President Obama 'surprised and deeply humbled' by Nobel Prize

President Barack Obama said Thursday he was “surprised and deeply humbled” to win a Nobel Peace Prize and sought to downplay the accomplishments.

Hours after the Nobel Committee shocked the world by announcing Obama had won the prestigious prize, Obama sounded a deferential note, even questioning whether he deserved the award.

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Obama said he did not feel like he deserved to be in the company of past winners, and that he does not view the prize “as a recognition of my own accomplishments.”

He joked that after finding out that he had won early Friday morning, his daughters reminded him that Friday is also their dog Bo’s birthday and they are on the eve of a three-day holiday weekend.

“It's good to have kids to keep things in perspective,” Obama said.

The Nobel Committee said Obama was being honored for his “extraordinary efforts to strengthen international diplomacy and cooperation between peoples.” It gave him the award less than a year into his presidency.

Obama said he viewed the award as “a call to action” to continue to confront global issues like climate change, nuclear proliferation and the ongoing strife between Israelis and Palestinians.

As for the $1.4 million awarded to Nobel Peace Prize recipients, Obama has announced that he will donate the money to an as yet unknown charity.

Obama acknowledged that his win is likely the result of his intentions, and many of his critics agreed.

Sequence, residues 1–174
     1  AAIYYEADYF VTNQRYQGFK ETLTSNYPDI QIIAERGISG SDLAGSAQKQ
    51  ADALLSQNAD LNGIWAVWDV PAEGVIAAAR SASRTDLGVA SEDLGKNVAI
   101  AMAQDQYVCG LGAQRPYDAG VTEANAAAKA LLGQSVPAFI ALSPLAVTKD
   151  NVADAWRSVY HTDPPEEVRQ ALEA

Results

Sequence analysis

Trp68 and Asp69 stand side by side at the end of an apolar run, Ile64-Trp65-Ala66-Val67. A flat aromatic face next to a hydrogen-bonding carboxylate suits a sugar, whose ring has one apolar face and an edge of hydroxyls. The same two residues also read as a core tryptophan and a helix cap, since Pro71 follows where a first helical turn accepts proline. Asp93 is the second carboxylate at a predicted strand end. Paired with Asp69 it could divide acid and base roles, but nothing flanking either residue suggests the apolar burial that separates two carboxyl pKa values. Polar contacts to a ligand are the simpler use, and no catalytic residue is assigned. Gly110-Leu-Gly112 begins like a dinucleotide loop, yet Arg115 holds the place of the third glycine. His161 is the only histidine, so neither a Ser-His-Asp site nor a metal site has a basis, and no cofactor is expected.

“I think part of their decision-making was expectations,” said 2008 Republican presidential nominee Sen. John McCain (Ariz.). “And I'm sure the president understands that he now has even more to live up to.”

McCain, who told CNN's John King in an interview set to air Sunday that he was “surprised” by the committee's decision, nonetheless said that “Americans are always pleased when their president is recognized by something on this order.”

Other Republicans were not as gracious.

The Republican National Committee (RNC) issued a statement questioning the committee's decision and asking what accomplishments Obama was being recognized for.

“It is unfortunate that the president’s star power has outshined tireless advocates who have made real achievements working towards peace and human rights,” RNC Chairman Michael Steele said in a statement.

That prompted the Democratic National Committee to compare the RNC’s reaction to that of the Taliban and Hamas, who were also critical.

Obama is the third sitting U.S. president to win the award. President Theodore Roosevelt won the award in 1906 and President Woodrow Wilson won in 1919. Obama is scheduled to travel to Oslo, Norway in December to accept the award.

Obama’s name had been mentioned early on by speculators, but was dismissed because Obama was inaugurated less than two weeks before the deadline for the 2009 award.

He is honored as his administration engages in a debate over whether to send additional U.S. troops to Afghanistan, where the U.S. has been mired in an increasingly bloody fight for eight years. Military leaders have recommended that Obama send more troops, but Democrats in Congress along with some advisers have cautioned against a troop surge.